The Shame Web

In her book I Thought It Was Just Me, Brené Brown outlines something called the shame web. It’s something that’s very easy to get caught up in, and it’s kind of relevant to how I’m feeling today.

(I think it’s important to note, before I continue on to the contents of today’s reading, that there is a strong sense within the book that it’s written predominantly for women. Brown speaks often of the women that she interviewed for her research, with precious few mentions about how it’s applicable to men, but this book isn’t just for women. It’s for anyone that experiences shame and self-doubt, regardless of gender identity.)

Not too long ago, I sent our overnight visitor out the door to kick ass on a professional development exam, which I’m confident that she’ll do. The radio show for later this evening is in the can; all I need to do is switch over to the live stream and I’m on the air. I’ve completed my reading for the day, which led me to immediately write (I try to squeeze my learning – my brain games and my Spanish studies – in between reading and writing, but today I wanted to write while it was fresh on my mind). But once I’m done with all that, I basically have nothing to do between now and 6:00 when I go on the air. And the feeling of being alone at home is already starting to get to me. I get lonely very easily, and generally equate loneliness with being alone. Like most people, it’s possible for me to feel lonely in a crowd from time to time, but I’m almost always lonely when I’m alone.

So what’s this got to do with shame? Well, the feeling of loneliness is triggered by feeling disconnected from others, and in her book Brown states that “shame is about the fear of disconnection.” I can easily see this being true – to use the example that I’ve used in the past, when I gave the book report in fourth grade and so very obviously showed I didn’t read the book, and I was told what I had done and why it was wrong, I immediately felt like I was the only one that didn’t know what I was talking about, and that brought feelings of disconnection from the rest of the class.

The shame web is a somewhat complex construct. Fear, blame, and disconnection are in the center, and your self, your partners, your family, and your friends are in a ring of the web closest to the center. This symbolizes that shame is the most powerful when it’s enforced by one’s self or those closest to one’s self. In a ring further out from the center are your educators, teachers, membership groups, mentors, health professionals, community members, faith community, and colleagues – in other words, the rest of your sphere of influence. Influence goes both ways, and this group is the next most powerful in causing shame. Finally, in the outside ring, there’s our sphere of knowledge – film, marketing, books, music, television, advertising, media, and magazines – that together with the inner two rings dictate who we should be, what we should be, and how we should be. It’s an oversimplification, but shame can be said to originate when there’s a disconnect between what the shame web dictates we should be and what we are.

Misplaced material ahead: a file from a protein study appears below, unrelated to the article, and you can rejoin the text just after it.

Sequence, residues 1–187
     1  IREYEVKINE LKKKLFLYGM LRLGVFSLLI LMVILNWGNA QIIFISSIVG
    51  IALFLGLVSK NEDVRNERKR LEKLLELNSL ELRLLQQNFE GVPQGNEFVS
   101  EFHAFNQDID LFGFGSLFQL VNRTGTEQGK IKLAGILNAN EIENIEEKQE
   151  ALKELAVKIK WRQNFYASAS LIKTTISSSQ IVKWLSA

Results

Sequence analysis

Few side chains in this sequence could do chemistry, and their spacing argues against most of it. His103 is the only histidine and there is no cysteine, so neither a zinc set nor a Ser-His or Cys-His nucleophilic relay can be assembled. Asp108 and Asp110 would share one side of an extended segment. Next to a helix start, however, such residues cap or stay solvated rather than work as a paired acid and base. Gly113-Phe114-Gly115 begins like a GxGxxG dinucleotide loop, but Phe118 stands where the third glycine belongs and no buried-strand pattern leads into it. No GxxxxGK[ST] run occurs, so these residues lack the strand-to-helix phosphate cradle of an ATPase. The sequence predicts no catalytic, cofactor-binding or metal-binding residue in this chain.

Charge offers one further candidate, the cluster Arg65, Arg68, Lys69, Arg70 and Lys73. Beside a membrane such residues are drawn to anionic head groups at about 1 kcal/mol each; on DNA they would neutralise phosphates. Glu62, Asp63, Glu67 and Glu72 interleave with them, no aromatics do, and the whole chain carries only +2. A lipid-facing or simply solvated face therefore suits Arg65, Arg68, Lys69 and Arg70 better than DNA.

Does that mean that disconnection from others is like that disconnect in the shame web? Well, yes and no. Being cut off from others that dictate those “should be’s” to you when you’re uncertain of who and what you are, you can start to lose your sense of self and feel shame within that sensation. On the other hand, remember that your self is part of that inner ring that has the most influence over you in these matters. If you’re not who or what or how your self perceives it should be, that shame is a self-created state.

So what is the solution to this? Put simply, the solution is likely discovered further into the book – this is still chapter one I’m on here. But at least I’m starting to understand a little bit more about where my feelings of shame come from. The next step is figuring out what to do with them.


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